In April 2015 my life changed forever when I lost my mum to ovarian cancer at just 54 years old. She left behind her husband, three daughters, three step-daughters, a step-son, six grandchildren and many other family and friends. The scariest thought is that her ovaries had been removed two years earlier and she had regular check-ups. It was only in February when her tumour was found and just six weeks later, on the 20th April, she sadly passed away surrounded by her husband, daughters and sister.
Ovarian cancer is as menacing as any other cancer, but because it lies on the lining and can lay dormant even once the ovaries have been removed as part of or after a hysterectomy, it means it can be difficult to spot. I had a total hysterectomy at aged 32 as my mum had begged me during her final days. I had the surgery just weeks after she died. Even though my ovaries were healthy, she wanted me to have them removed to protect me and my children’s future. When it takes hold, it can become aggressive very quickly and the tumour can grow at an horrific rate. We were all naive to this. When she went to hospital that day, admitted with breathing problems, to leave two days later with a terminal cancer diagnosis we were all devastated, heartbroken and fell apart. It is known as the silent killer and so many people are unaware of the symptoms.
In 2016 there were 4,227 deaths due to ovarian cancer, and only a 35% survival rate for 10 or more years. In 2015, the year we lost my mum, 7,270 new cases of ovarian cancer were diagnosed according to Cancer Research UK and only 11% were preventable, so there is little that can be done to not only cure, but to prevent or spot the illness any earlier.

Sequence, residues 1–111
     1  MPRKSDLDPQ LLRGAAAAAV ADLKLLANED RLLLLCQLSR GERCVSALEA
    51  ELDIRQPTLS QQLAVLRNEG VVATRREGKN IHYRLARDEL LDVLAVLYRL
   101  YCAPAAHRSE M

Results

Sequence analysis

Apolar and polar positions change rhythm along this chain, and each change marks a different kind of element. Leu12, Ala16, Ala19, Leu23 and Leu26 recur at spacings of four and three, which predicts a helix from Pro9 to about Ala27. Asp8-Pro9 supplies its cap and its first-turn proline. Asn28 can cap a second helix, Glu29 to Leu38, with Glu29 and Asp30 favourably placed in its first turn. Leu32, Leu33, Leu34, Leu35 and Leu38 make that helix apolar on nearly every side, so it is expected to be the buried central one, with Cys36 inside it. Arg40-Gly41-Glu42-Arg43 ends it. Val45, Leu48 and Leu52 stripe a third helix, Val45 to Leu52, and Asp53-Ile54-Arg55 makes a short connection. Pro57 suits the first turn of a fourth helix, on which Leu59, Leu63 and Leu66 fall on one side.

Symptoms include feeling constantly bloated, a swollen tummy, discomfort in your tummy or pelvic area, feeling full quickly when eating, loss of appetite, and needing to pee more often or more urgently than normal, but of course these symptoms can be something completely different or nothing serious at all.
I want to encourage all women to share the symptoms of ovarian cancer. We have a responsibility to ourselves and to others to reduce the amount of women who could suffer in this way. I wouldn’t want anyone to go through what my sisters and I went through, losing my mum at such a young age and if it helps someone identify a problem just a few weeks earlier, then it’s worth it.
I still think of ourselves as lucky as we managed to spend the last few weeks of her life telling her how much we loved her and I know most people don’t get that opportunity. Life can be snatched away without any notice and I will always be grateful that I was with her, telling her how much we’d miss her as she peacefully passed. There is a hole in my heart, that even after three years has not gone away and is as empty as the day I said goodbye.